Abstract and Keywords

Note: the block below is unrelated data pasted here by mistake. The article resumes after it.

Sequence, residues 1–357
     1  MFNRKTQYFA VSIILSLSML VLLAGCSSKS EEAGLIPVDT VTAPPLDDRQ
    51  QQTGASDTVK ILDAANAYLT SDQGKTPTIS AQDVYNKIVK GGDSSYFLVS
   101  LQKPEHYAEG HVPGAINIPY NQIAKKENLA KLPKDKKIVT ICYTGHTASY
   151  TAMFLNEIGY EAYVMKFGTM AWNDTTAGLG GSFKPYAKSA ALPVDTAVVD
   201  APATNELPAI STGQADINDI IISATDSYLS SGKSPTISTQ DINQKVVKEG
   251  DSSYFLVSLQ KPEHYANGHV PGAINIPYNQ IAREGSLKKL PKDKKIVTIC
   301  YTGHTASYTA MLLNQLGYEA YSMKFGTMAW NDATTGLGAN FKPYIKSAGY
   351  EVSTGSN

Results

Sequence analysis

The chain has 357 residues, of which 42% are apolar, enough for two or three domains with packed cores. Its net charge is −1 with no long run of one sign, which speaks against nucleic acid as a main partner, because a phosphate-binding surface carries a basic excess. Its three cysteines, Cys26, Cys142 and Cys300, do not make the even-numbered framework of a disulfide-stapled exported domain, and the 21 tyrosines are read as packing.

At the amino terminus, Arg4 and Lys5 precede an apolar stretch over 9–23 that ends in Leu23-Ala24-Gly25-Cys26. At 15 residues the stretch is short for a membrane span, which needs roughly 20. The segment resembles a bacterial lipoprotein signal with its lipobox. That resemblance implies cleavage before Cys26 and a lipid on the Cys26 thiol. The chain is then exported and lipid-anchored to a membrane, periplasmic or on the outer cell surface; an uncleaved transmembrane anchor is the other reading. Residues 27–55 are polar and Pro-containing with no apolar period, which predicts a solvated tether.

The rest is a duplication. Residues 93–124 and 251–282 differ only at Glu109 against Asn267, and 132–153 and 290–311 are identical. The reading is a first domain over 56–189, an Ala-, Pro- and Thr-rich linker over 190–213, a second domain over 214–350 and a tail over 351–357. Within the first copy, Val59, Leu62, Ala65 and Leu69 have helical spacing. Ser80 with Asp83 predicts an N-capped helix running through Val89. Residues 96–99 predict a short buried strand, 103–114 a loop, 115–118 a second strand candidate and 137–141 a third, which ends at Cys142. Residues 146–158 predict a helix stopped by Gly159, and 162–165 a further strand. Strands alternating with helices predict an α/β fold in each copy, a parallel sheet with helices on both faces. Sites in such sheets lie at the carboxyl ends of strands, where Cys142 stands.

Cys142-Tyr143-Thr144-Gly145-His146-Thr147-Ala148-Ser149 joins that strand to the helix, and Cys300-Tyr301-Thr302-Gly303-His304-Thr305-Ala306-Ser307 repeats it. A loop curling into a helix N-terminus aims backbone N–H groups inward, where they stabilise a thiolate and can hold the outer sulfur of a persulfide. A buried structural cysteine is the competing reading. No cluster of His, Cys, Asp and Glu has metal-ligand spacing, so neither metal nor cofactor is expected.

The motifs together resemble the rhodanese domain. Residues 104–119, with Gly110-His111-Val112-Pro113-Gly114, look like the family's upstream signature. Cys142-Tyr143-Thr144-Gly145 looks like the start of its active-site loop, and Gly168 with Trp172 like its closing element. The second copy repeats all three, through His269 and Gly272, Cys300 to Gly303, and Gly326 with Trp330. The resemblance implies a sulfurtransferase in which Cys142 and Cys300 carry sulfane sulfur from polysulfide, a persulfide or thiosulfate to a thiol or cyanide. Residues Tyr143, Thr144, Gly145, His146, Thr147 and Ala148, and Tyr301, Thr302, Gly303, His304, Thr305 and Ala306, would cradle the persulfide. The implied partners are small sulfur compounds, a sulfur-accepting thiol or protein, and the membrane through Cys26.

Since at least Tony Sher’s star-making turn as Richard III in the early 1980s, a pair of crutches has come to signal in a supplemental way the king’s disability. Yet the play does not associate these devices with him; instead, his mother imagines her dead sons (Edward and Clarence) as ‘two crutches’ ‘plucked’ from her ‘feeble hands’ (2.2.58). I will explore the genealogical resonances of ‘crutches’ across Shakespeare’s drama to illuminate the discourses of impaired masculinity and reproductive futurity that have been eclipsed in critical accounts of early modern disability by the high profile afforded to the deformed body of this stage king.
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